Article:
What is Pain

The Lion That Roared

When I was younger, so much younger than today, I played the role of the Cowardly Lion in The Wizard of Oz. It was during a random morning performance, for which I needed to travel three hours in each direction, that my body suddenly froze on stage and I couldn’t move; something had happened to my lower back and I wasn’t sure what.

Tim Audin, Tula Damari, Rotem Yehuda and me as the Cowardly Lion in The Wizard of Oz (Dir:Yoram Karmi) 2015. Photo Credit: Kfir Bolotin

It would be a few days later, after trying to stretch my back in all the creative ways that a dancer can come up with, that my Orthopedist would break it to me that I had a Herniated Disc (gasp). My world would be shattered because I would believe it was the end of my dancing career, and that I would never be able to hoist my kids up on my shoulders when I would become a father one day.

A few months later, my life would be changed and eventually saved by a pioneer physical therapist, Adi Davidovitz, who would introduce me to knowledge and information about about pain, its causes and its manifestations. I would then not only heal my back, but also become the number one specialist in the world — for my own body.

I have decided to write this blog in order to share the life changing information that I had been given access to, in hope that it will help other dancers and non-dancers live a better life.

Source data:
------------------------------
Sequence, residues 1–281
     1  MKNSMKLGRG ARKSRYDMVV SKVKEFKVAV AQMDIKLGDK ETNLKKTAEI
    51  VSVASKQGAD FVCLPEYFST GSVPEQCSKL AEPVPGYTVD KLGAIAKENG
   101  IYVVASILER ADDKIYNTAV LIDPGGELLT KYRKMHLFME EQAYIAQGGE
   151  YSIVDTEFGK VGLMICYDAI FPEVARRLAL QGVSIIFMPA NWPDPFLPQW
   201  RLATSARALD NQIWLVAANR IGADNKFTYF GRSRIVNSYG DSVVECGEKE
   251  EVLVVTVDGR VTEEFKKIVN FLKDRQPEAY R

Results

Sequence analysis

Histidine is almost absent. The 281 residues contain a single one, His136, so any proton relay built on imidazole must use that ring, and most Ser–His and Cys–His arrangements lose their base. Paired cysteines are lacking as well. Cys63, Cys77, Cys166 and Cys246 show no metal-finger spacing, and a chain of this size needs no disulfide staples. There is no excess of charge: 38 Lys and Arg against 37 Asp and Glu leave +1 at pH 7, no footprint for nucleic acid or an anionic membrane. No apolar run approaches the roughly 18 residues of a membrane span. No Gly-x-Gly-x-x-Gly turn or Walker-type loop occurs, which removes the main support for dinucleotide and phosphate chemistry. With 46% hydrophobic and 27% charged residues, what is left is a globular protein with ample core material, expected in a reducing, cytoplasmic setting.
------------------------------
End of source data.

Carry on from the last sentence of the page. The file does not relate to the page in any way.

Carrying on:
What is pain

“What is pain?” is a million-dollar question. Before we attempt to seriously address this tough question, let’s agree that we all experience and express pain differently, and at the same time, we all search for generic solutions when we want it to go away.

The International Association for the Study of Pain*, defines it as an unpleasant sensory and emotional experience associated with actual or potential tissue damage, or described in terms of such damage. If we look closely at this choice of words, we notice the use of the term ‘associated’, which suggests that the connection between unpleasant sensations and actual tissue damage or distress might sometimes be coincidental.

The pain scientists Melzack and Casey** had a different definition for pain, and divided it into three different aspects:

A Sensory-Differential aspect: the actual sensation of any stimuli throughout the body and the filtering of superficial ones which do not require any attention (e.g. - mosquito bites).

A Cognitive — Interpretative aspect: the noticing of stimuli and focusing of attention to its occurrence and meaning (e.g. - discomfort felt while sitting for long hours which results in a change of posture).

An Emotional-Motivational aspect: an emotional reaction following a physical sensation (e.g. - crying after falling and hurting yourself), and any behavioral changes pertaining to the cause of the sensation (e.g. - avoiding hazards after being impacted by them).

Moreover and most importantly, we are capable of experiencing pain in any or all three aspects without there actually being any damage in our bodies.

The later explanation of just how complex pain might actually be, is the point from which I invite you to join me on a journey in search of new ways of understanding your pain, and eventually gaining control over it, rather than having it control you.


*Merskey & Bogduke, 1994

**Melzack & Casey, 1968